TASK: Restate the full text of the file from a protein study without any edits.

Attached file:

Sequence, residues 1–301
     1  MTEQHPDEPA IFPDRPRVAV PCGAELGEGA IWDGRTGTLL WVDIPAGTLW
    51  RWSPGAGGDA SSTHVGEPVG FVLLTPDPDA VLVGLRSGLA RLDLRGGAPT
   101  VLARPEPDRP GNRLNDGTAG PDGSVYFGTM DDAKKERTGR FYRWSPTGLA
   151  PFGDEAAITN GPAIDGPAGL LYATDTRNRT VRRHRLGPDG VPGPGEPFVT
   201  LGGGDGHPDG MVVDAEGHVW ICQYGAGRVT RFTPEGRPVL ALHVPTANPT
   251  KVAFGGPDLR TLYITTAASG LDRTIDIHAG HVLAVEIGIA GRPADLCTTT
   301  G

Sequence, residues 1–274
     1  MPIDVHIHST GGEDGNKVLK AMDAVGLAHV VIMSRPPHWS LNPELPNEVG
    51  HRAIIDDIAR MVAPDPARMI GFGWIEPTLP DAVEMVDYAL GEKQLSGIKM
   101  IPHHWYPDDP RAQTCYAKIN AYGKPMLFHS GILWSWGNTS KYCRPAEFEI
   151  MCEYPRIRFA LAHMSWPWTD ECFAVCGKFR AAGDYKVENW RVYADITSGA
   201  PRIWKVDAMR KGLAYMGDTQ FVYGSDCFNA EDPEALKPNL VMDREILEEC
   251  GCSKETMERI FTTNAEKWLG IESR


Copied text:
Sequence, residues 1–301
     1  MTEQHPDEPA IFPDRPRVAV PCGAELGEGA IWDGRTGTLL WVDIPAGTLW
    51  RWSPGAGGDA SSTHVGEPVG FVLLTPDPDA VLVGLRSGLA RLDLRGGAPT
   101  VLARPEPDRP GNRLNDGTAG PDGSVYFGTM DDAKKERTGR FYRWSPTGLA
   151  PFGDEAAITN GPAIDGPAGL LYATDTRNRT VRRHRLGPDG VPGPGEPFVT
   201  LGGGDGHPDG MVVDAEGHVW ICQYGAGRVT RFTPEGRPVL ALHVPTANPT
   251  KVAFGGPDLR TLYITTAASG LDRTIDIHAG HVLAVEIGIA GRPADLCTTT
   301  G

Sequence, residues 1–274
     1  MPIDVHIHST GGEDGNKVLK AMDAVGLAHV VIMSRPPHWS LNPELPNEVG
    51  HRAIIDDIAR MVAPDPARMI GFGWIEPTLP DAVEMVDYAL GEKQLSGIKM
   101  IPHHWYPDDP RAQTCYAKIN AYGKPMLFHS GILWSWGNTS KYCRPAEFEI
   151  MCEYPRIRFA LAHMSWPWTD ECFAVCGKFR AAGDYKVENW RVYADITSGA
   201  PRIWKVDAMR KGLAYMGDTQ FVYGSDCFNA EDPEALKPNL VMDREILEEC
   251  GCSKETMERI FTTNAEKWLG IESR